BEIJING, July 21 (Reuters) – Up to eight Chinese ships will offer cruises to the South China Sea over the next five years, a state-run newspaper said on Thursday, as Beijing continues to promote tourism to the disputed waters.
Sanya International Cruise Development Co Ltd, a joint venture by COSCO Shipping, China National Travel Service (HK) Group Corp and China Communications Construction Co Ltd, will buy between five and eight ships, the official China Daily reported.
It will also build four cruise liner docks in Sanya, a Chinese resort city on the southern island province of Hainan, the paper added.
Liu Junli, chairman of Sanya International Cruise, said the company is already operating the “Dream of the South China Sea” cruise ship and plans to add another two cruise ships by next summer, the report said.
The ships will travel to the Crescent group of islands, part of the Paracels, and is also “considering a cruise around the South China Sea at the appropriate time”, it added.
Hotels, villas and shops will all be built on the Crescent group, the paper said.
It is not clear if foreigners will be allowed on these cruises or if they will be allowed to visit China’s holdings in the South China Sea.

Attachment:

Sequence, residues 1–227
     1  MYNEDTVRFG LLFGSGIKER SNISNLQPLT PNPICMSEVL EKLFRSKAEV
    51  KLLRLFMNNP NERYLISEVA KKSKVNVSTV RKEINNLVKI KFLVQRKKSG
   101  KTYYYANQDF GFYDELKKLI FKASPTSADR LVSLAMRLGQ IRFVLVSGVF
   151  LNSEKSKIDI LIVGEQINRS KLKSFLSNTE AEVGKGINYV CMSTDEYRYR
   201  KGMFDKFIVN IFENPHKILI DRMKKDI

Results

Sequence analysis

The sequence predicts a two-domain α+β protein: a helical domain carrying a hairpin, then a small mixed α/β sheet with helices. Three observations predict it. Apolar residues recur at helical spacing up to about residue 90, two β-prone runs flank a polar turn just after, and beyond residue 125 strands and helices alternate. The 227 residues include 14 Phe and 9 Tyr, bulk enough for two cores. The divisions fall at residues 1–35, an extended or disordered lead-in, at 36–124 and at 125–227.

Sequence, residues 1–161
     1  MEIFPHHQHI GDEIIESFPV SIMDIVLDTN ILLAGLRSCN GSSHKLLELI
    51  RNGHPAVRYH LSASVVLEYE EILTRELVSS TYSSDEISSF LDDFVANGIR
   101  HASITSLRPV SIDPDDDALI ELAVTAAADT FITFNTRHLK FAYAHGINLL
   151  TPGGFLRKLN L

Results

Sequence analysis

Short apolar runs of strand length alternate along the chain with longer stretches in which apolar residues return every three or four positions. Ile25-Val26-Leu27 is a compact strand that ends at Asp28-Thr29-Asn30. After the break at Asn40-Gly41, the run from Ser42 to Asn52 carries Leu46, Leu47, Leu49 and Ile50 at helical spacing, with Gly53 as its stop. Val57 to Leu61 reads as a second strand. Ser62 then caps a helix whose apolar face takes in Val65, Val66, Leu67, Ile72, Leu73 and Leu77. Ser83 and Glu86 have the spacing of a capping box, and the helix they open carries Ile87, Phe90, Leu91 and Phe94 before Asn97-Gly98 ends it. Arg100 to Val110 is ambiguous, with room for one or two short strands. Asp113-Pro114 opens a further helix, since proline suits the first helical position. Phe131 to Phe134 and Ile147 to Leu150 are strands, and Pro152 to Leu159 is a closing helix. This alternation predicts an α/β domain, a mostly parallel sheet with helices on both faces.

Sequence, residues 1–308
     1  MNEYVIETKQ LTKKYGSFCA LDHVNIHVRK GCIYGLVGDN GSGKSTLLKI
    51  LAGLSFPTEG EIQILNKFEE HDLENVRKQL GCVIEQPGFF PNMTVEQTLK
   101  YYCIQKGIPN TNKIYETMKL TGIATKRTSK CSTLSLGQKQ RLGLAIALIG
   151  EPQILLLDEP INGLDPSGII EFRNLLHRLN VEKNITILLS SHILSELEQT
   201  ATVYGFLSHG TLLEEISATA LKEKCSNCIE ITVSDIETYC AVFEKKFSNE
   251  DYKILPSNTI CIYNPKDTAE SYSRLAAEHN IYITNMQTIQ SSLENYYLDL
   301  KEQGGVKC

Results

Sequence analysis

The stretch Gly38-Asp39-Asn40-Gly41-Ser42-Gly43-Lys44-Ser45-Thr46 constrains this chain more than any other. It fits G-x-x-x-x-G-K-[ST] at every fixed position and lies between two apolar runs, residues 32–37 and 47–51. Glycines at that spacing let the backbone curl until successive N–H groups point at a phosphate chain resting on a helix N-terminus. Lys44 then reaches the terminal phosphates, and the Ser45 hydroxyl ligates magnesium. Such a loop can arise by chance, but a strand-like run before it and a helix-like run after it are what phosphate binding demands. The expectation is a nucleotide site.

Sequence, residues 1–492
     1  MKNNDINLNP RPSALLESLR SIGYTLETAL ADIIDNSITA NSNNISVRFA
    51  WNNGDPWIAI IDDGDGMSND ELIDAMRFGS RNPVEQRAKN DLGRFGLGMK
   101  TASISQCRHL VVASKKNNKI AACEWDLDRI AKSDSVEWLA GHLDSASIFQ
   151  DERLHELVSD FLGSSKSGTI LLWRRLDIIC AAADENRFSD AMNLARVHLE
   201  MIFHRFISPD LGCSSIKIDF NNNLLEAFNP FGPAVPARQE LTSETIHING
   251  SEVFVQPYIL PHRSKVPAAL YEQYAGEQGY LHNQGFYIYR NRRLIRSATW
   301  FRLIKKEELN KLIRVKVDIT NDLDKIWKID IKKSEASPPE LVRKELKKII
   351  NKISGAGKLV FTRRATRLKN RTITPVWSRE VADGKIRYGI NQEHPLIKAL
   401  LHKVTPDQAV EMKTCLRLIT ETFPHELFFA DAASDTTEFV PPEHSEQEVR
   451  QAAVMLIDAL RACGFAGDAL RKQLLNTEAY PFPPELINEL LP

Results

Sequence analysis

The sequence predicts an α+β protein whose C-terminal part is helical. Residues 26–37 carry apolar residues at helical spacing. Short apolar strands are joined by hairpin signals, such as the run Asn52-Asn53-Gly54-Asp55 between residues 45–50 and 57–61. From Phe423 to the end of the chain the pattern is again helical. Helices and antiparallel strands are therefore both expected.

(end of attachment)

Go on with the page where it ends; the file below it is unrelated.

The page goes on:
China claims 90 percent of the potentially energy-rich South China Sea. Brunei, Malaysia, the Philippines, Vietnam and Taiwan lay claim to parts of the sea, through which passes about $5 trillion of trade a year
Countries competing to cement their rival claims have encouraged a growing civilian presence on disputed islands in the South China Sea. The first cruises from China to the Paracel islands were launched by Hainan Strait Shipping Co in 2013.
Beijing has also said it wants to build Maldives-style resorts around the South China Sea.
China has refused to recognise a ruling by an arbitration court in The Hague that invalidated its vast territorial claims in the South China Sea and did not take part in the proceedings brought by the Philippines. (Reporting by Ben Blanchard; Editing by Michael Perry)
Copyright(c) Copyright Thomson Reuters 2016.
Sign up for our newsletter